Eboo Patel is the author of the books “Acts of Faith” and “Sacred Ground.”
One year after 9/11, the Justice Department established the National Security Entry-Exit Registration System. NSEERS required non-immigrant (meaning present in the United States with temporary papers) males 16 years of age or older to report regularly to the government about their whereabouts and activities. A new, if intrusive, way of regulating immigration? Not if you consider that it applied to people from only 25 countries, almost all of which have significant Muslim populations. Of the 83,000 men who complied, 13,000 were placed in deportation proceedings. Over a third of those were of Pakistani descent.
After the recent terrorist attacks in Paris, several U.S. presidential candidates indicated that they would happily implement similar programs.
Deepa Iyer is not afraid to call NSEERS by its true name: racist profiling. In her powerful book “We Too Sing America,” Iyer links government programs like NSEERS to the overt Islamophobia of mosque protests and the massacre at a Sikh temple in Oak Creek, Wis., creating a broader narrative about the experience of South Asian, Arab, Muslim and Sikh immigrant communities in post-9/11 America. Challenging the “model minority” stereotype of these groups as spelling bee champions on their way to Silicon Valley success, Iyer catalogues the toll that various forms of discrimination have taken and highlights the inspiring ways activists are fighting back.
Iyer is an ideal chronicler of this experience. Herself an immigrant from Kerala, India, she trained as a lawyer, served for a decade as the executive director of South Asian Americans Leading Together and now teaches in the University of Maryland’s Asian American studies program. Her ability to travel comfortably between wonky policy circles and the front lines of activism shines through in her book. She is able both to break down the various methods by which the New York Police Department Demographics Unit spied on certain communities and walk us alongside the 27-year-old St. Louis-based interfaith leader Mustafa Abdullah as he organizes Muslim participation during the Ferguson protests.
Along the way, there are several flashes of insight. About the diverging approaches government agencies took to these communities, Iyer writes, “In effect, after 9/11, the state became both a champion for defending the civil rights of South Asians, Arabs, and Muslims and the enforcer of harmful policies that led to the surveillance and detention of thousands of immigrants from these communities.”
There are also more than a few useful provocations. Iyer characterizes the tendency of some South Asians to connect with White people (she capitalizes all skin-color groups) in ways that marginalize Black people as “taking the racial bribe.” I’m not sure that is entirely fair and accurate, but it is a helpful provocation. It reminded me of the alarm in the faces of certain older Indian family members when I started listening to the hip-hop group Run DMC as a kid in the 1980s. Looking back on it now, it is certainly possible to read their disapproval as something along the lines of: “Why are you listening to music that reminds everyone that you are dark? We moved you to the suburbs so you could have the privilege of blending in with the white people.”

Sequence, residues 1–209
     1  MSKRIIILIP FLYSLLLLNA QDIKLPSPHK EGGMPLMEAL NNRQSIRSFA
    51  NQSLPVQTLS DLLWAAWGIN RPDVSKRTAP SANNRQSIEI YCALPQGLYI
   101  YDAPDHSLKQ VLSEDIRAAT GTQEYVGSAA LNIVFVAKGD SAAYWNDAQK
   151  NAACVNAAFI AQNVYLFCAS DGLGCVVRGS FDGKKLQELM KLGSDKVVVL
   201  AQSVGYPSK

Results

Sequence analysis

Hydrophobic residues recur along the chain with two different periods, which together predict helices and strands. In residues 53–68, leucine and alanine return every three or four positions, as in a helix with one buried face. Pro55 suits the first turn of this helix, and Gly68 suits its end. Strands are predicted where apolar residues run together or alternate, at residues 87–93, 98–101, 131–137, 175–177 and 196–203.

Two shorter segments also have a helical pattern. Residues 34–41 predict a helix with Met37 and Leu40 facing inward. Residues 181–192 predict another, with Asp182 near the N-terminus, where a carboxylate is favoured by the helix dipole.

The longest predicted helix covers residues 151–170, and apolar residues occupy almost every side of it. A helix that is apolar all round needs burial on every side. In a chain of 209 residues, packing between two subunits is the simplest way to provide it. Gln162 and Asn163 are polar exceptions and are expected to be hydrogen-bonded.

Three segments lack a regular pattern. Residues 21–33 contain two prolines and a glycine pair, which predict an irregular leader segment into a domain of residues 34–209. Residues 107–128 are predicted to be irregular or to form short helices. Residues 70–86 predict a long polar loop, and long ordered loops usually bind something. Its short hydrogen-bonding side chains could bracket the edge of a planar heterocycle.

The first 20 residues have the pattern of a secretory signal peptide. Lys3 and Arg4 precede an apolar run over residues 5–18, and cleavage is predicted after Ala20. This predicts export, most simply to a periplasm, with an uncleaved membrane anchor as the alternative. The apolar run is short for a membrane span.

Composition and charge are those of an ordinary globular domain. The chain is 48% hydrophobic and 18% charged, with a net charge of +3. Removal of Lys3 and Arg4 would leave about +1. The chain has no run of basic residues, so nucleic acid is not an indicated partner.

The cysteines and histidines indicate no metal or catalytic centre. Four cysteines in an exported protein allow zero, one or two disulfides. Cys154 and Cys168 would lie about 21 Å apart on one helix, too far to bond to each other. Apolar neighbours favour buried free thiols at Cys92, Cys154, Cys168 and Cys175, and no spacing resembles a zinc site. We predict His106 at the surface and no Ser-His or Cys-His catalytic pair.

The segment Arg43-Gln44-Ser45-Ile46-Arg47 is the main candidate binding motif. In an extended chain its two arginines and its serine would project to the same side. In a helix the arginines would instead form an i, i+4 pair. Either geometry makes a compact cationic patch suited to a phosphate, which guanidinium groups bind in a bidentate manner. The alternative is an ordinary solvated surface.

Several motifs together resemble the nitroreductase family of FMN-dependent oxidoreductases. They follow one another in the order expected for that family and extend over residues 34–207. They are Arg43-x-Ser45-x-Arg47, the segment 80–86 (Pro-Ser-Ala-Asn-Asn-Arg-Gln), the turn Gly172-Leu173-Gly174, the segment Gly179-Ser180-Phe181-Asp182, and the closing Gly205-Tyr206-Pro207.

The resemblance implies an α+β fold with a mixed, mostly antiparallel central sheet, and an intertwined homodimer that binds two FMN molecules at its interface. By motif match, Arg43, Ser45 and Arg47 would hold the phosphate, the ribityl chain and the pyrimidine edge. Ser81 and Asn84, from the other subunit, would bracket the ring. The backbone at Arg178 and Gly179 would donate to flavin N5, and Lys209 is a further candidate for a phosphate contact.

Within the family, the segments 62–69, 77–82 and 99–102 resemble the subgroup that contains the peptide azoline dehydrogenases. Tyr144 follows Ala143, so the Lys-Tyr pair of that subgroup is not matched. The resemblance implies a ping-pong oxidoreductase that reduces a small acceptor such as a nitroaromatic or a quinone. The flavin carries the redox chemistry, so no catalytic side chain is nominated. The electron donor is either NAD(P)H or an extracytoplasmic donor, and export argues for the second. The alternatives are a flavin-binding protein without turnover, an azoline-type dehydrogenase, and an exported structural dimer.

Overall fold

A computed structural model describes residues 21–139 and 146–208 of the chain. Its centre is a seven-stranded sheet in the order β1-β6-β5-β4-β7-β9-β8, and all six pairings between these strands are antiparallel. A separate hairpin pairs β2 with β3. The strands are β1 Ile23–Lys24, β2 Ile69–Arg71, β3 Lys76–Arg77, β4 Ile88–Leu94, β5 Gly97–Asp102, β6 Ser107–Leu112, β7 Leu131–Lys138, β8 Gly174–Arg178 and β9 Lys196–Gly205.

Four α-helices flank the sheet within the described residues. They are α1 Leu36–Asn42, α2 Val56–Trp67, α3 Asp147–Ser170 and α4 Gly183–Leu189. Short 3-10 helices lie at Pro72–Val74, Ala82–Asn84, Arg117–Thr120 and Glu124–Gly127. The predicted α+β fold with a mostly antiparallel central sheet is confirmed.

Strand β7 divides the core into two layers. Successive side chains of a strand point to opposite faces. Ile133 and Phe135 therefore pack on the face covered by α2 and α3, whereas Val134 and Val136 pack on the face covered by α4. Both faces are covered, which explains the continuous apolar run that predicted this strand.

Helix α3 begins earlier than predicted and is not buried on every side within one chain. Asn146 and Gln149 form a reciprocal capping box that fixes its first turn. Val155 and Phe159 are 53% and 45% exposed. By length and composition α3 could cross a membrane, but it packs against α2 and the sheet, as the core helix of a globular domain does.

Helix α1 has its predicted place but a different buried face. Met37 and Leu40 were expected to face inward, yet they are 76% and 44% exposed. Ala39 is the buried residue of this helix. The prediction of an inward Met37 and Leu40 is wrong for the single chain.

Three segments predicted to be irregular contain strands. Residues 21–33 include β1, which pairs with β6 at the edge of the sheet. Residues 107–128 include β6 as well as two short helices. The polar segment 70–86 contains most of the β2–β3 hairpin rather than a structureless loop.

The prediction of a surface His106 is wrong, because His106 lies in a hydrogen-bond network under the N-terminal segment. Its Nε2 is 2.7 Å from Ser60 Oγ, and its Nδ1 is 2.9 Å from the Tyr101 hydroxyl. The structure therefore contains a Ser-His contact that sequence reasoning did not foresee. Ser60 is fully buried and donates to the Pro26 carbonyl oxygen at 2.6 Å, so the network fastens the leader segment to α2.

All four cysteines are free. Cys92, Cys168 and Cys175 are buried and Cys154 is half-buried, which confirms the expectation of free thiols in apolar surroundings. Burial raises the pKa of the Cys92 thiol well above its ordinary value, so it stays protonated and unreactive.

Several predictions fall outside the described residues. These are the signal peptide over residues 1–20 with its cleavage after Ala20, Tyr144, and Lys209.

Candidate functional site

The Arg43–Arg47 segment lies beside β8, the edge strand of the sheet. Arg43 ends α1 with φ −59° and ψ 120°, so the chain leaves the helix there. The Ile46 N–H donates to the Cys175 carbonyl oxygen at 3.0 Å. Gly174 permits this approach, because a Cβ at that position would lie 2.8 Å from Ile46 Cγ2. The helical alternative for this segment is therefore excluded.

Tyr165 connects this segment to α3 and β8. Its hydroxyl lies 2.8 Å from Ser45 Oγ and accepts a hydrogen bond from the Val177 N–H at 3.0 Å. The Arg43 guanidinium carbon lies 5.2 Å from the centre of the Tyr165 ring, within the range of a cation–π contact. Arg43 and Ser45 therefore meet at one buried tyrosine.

Iyer’s view is that such blending in is never going to happen, and anyway, it exacts too much of a cultural price. The various slings and arrows suffered by Arabs, Muslims, South Asians and Sikhs over the past 15 years should prove that beyond a shadow of a doubt. Better, according to Iyer, to stop pretending we can mix easily in the white world and instead build solidarities with people who have known slings and arrows, not to mention whips and nooses, since the beginning. Again, I’m not sure I entirely agree with that, but it is another useful provocation.
The main drawback to this book is the uneven writing. The wooden lefty-isms — umpteen appeals to multi this-and-that solidarity — got old for me fast. Some sentences should never have left the graduate school seminar on post-colonial theory. For example: “How can both Black and non-Black activists center experiences of Black people with law enforcement while also acknowledging the ways in which state violence affects non-Black people of color?”
In too many places, the writing lurches rather than flows. For example, Iyer uses several pages to relate an affecting story of a Sikh family whose mother was killed in the Oak Creek massacre, and then follows it up with brief and scattered mentions of a dozen other actors in the drama, from first responders to the mayor of Oak Creek to a Sikh mental health professional. The challenge of keeping everything straight deflated the emotion of the initial story and detracted from the larger point that several immigrant communities live in fear of what Iyer appropriately refers to as domestic terrorism.
Overall, it is as if Iyer took great pains to collect a bag full of colorful threads, but instead of weaving them into a quilt, she set them down in loose categories.
Because I think the subject matter is of great significance, and because many of the stories and insights in the book are of great value, I was willing to work a little harder as a reader to fashion my own coherence out of the disparate pieces. I hope that there are many more out there like me willing to do the same.
By Deepa Iyer
New Press. 229 pp. $25.95